If you think your knot is a problem, then you are right! It is amazing how so many fishermen make sure that every other part of their gear and rigs are correct and perfect. They wear the most expensive and stylish boots, hats, glasses, and sport the best rods and reels. When it comes to a knot, the fish is lost before the battle begins.
All knots will weaken your line. It does not matter what type of line you choose; knots will weaken them. If your monofilament is rated at 10 pounds of strength, even a perfect knot will make it 8.5 lb test. A crappy knot will decrease its strength 50% or more. Throw in the sun, wear and tear, and a wind knot or two and you should just throw your lures and flies into the river.
Every fisherman should learn a Clinch Knot, Blood knot, and a Uni Knot. The Duncan Loop is also a good choice. Search on YouTube videos for great directions and demonstrations on how to tie them. Each knot has a special application.
The Clinch Knot attaches a hook, fly or lure to your leader. Using a Duncan Loop variation will allow this knot to stay loose to the hook eye and add action. The Improved Clinch Knot can cut itself using some lines.
The Blood Knot attaches two pieces of line or leader together. These lines need to be close to the same diameter or within a few pounds’ strength of each other. Fluorocarbon can be dramatically stronger and thinner than other tippet materials. In this case, look at the diameter. You may be able to make the final section the strongest and thinnest tippet.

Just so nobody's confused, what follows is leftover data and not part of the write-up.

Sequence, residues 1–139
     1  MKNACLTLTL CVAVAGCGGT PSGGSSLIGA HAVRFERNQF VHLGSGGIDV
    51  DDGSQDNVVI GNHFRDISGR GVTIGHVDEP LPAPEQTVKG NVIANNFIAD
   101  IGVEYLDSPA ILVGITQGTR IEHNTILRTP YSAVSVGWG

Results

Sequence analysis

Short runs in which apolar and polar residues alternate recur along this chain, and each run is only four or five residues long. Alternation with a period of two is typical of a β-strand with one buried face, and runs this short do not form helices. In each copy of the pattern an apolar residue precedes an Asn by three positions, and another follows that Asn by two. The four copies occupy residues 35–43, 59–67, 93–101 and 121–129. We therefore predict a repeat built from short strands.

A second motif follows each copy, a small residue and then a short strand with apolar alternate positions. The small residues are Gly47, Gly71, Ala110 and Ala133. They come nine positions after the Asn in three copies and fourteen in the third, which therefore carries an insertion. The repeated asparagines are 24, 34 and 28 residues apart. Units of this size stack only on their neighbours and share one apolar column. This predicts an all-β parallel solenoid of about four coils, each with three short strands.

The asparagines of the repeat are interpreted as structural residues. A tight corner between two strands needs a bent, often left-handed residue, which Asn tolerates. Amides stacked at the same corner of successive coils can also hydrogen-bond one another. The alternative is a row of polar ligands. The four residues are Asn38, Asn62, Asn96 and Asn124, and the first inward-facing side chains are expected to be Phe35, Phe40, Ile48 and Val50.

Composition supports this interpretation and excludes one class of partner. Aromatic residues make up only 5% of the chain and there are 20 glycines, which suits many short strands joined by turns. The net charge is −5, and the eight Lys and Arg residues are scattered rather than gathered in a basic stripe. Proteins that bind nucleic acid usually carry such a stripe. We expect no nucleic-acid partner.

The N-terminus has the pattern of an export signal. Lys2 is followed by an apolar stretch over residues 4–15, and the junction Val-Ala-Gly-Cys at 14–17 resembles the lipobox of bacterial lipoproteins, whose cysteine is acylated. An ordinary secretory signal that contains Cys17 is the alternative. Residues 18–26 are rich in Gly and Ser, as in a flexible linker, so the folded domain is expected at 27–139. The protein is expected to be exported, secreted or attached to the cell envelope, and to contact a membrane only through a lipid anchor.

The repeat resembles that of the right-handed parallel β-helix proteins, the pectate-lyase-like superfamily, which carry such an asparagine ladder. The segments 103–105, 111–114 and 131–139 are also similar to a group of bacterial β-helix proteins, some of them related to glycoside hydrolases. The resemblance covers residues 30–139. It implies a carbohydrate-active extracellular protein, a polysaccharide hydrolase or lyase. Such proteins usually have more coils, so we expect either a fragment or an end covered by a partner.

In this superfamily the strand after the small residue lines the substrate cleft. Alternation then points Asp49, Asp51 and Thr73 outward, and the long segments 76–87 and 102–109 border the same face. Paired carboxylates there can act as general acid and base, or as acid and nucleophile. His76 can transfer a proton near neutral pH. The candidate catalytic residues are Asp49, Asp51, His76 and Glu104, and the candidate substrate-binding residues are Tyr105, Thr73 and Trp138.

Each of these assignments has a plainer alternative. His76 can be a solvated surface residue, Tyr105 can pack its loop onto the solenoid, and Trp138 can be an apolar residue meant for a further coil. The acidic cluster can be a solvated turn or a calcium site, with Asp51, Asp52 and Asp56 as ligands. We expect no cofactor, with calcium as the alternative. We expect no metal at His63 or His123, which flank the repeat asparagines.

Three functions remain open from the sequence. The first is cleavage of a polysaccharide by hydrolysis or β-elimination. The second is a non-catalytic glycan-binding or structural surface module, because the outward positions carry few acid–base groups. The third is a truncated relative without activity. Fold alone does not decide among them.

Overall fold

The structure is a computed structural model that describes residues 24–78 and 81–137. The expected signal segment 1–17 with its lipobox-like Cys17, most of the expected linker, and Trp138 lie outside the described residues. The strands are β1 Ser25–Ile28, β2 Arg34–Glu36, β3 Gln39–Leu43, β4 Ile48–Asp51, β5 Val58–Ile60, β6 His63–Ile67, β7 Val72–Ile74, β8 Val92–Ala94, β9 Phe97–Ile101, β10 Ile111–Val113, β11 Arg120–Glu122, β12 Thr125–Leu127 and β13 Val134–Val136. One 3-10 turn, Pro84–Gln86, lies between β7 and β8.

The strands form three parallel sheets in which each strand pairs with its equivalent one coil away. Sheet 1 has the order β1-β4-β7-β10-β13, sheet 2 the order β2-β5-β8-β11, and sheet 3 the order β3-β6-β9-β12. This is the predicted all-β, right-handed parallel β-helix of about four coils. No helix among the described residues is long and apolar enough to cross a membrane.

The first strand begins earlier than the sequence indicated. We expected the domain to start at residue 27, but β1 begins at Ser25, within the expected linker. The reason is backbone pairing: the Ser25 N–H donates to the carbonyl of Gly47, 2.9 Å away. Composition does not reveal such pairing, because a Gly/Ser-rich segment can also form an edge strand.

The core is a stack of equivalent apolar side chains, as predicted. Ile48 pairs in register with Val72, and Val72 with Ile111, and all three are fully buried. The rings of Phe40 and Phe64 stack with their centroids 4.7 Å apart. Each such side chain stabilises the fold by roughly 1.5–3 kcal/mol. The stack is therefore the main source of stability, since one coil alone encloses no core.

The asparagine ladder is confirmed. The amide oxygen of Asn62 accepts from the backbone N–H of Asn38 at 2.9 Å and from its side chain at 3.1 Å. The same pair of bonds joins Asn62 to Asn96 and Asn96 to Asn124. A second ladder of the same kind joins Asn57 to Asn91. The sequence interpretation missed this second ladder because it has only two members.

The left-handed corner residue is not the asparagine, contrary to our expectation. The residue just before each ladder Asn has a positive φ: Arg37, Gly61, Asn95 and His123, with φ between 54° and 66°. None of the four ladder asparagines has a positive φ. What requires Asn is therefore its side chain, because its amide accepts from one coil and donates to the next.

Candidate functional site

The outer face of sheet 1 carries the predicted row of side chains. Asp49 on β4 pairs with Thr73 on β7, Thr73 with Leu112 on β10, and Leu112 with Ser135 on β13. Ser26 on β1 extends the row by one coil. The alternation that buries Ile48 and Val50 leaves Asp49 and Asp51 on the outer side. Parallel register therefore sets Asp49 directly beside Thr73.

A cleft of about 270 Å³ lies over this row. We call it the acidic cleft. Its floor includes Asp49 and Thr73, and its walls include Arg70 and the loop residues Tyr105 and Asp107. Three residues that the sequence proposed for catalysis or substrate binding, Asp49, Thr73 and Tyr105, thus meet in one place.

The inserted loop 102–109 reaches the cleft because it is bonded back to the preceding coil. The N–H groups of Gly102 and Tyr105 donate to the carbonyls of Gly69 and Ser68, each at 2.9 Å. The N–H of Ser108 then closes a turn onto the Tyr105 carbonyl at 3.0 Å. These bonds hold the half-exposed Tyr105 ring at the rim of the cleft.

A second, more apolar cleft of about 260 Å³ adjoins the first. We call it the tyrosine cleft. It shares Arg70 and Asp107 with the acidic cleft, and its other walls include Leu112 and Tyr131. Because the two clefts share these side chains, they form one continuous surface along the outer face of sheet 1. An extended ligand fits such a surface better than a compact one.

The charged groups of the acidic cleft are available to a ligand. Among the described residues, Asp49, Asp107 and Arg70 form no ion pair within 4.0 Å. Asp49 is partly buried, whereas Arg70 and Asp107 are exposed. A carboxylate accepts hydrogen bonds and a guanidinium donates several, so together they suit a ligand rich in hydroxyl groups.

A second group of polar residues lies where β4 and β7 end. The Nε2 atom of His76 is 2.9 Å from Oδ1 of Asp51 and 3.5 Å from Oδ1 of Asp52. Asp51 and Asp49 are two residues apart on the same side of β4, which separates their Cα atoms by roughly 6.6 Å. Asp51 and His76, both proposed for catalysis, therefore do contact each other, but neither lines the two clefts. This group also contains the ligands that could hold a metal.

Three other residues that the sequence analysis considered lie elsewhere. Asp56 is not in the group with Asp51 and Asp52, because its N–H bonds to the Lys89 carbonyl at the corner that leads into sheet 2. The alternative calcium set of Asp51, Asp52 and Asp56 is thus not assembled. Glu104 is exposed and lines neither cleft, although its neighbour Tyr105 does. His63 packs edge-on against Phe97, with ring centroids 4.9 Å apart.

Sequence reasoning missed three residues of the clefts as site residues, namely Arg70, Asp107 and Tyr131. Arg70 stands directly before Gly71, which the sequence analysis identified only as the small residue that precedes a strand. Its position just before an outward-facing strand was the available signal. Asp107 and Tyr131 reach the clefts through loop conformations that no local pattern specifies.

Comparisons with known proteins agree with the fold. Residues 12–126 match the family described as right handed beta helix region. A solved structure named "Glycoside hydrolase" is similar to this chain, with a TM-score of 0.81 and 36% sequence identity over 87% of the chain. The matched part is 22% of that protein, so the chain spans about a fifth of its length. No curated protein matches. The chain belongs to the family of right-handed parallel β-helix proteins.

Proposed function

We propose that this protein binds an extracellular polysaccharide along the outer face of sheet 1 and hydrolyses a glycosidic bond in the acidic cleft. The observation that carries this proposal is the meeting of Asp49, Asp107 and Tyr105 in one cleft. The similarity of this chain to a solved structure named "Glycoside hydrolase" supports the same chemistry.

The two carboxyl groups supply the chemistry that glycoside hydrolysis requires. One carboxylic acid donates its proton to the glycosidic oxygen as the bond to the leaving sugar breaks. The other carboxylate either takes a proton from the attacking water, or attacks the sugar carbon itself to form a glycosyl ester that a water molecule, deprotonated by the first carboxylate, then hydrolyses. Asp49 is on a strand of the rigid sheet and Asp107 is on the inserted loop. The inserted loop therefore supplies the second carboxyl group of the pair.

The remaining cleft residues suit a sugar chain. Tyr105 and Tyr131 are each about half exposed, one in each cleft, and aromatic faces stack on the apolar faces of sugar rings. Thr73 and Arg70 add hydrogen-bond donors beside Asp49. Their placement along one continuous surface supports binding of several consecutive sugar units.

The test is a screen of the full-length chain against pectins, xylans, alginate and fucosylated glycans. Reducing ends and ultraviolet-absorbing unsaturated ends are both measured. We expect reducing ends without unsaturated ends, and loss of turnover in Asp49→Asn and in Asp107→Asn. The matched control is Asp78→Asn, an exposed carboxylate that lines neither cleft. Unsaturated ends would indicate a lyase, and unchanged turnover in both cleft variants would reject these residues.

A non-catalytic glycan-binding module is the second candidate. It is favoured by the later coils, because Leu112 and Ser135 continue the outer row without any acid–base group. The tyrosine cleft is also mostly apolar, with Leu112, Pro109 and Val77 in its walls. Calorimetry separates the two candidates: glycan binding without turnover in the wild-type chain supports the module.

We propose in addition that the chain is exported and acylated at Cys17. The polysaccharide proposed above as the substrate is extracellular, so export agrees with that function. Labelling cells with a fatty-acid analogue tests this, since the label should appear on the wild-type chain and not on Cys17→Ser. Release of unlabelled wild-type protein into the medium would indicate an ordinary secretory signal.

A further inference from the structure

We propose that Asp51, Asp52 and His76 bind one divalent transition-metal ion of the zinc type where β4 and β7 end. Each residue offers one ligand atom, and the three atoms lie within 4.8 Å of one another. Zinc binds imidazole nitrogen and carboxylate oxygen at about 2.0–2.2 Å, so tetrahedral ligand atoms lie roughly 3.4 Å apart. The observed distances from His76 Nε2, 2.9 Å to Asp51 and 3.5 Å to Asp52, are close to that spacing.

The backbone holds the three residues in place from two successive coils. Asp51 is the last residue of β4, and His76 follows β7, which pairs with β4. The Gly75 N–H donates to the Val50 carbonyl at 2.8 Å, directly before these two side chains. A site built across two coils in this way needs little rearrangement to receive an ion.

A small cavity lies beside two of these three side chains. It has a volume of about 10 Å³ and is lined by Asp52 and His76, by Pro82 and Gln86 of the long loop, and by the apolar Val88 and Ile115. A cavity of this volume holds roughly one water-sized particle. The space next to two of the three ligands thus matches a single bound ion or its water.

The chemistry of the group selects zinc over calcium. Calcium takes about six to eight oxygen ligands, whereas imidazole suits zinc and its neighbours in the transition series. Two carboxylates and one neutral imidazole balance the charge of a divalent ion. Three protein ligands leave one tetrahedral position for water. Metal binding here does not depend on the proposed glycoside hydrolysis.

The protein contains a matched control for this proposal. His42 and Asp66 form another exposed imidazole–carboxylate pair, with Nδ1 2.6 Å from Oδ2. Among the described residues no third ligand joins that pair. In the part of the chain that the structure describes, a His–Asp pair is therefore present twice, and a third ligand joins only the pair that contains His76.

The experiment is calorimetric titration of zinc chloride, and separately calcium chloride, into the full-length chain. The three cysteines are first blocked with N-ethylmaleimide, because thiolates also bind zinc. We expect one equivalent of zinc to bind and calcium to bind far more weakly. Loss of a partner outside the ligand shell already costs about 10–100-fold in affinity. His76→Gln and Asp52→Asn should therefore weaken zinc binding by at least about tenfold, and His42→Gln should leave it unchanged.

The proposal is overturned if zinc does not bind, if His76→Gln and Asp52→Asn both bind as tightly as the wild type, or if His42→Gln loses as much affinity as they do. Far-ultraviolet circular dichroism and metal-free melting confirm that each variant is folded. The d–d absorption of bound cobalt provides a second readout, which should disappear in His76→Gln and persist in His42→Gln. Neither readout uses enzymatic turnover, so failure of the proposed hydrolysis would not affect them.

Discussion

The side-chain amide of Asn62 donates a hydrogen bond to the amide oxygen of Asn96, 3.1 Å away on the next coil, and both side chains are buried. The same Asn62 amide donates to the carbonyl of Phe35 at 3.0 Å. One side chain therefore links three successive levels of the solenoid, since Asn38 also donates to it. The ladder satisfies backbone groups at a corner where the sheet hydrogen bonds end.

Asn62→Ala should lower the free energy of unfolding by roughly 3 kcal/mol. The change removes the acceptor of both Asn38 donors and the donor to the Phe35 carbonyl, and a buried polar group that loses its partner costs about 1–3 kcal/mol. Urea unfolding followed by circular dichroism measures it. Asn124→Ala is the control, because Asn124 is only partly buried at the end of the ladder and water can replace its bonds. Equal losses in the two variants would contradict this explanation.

A Surgeons Knot is what fishermen that can’t tie a Blood Knot use. This cheapo knot weakens the line significantly. They will ague all day about the Surgeons Knot because they are too lazy to learn a proper knot, or their eyes make it a challenge. Take the time to learn a Blood Knot or buy more flies.
The Uni Knot is needed when using braided or woven lines. It will not slip and is simple to tie. There are also many other useful knots to tie. Certain knots do better in salt water, trolling, or other specific applications. As the fish get bigger and stronger, so should your knots.
Try to fish with the finest lightest lines and gear that you dare. This makes fishing more of a challenge. Lighter line will invite more hook ups. A great reel with a great drag will also help you land the big one. You gear also needs to stout enough to not over tire and over play out the fish. This is important when considering Catch and Release.
Tie one on!
For more Montana Grant, catch him at www.montanagrantfishing.com.